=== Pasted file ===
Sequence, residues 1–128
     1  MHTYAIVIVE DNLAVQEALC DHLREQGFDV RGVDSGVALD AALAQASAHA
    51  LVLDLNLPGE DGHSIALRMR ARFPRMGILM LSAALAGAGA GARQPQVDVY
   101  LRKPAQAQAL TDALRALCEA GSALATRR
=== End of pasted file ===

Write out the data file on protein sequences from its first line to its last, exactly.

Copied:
Sequence, residues 1–128
     1  MHTYAIVIVE DNLAVQEALC DHLREQGFDV RGVDSGVALD AALAQASAHA
    51  LVLDLNLPGE DGHSIALRMR ARFPRMGILM LSAALAGAGA GARQPQVDVY
   101  LRKPAQAQAL TDALRALCEA GSALATRR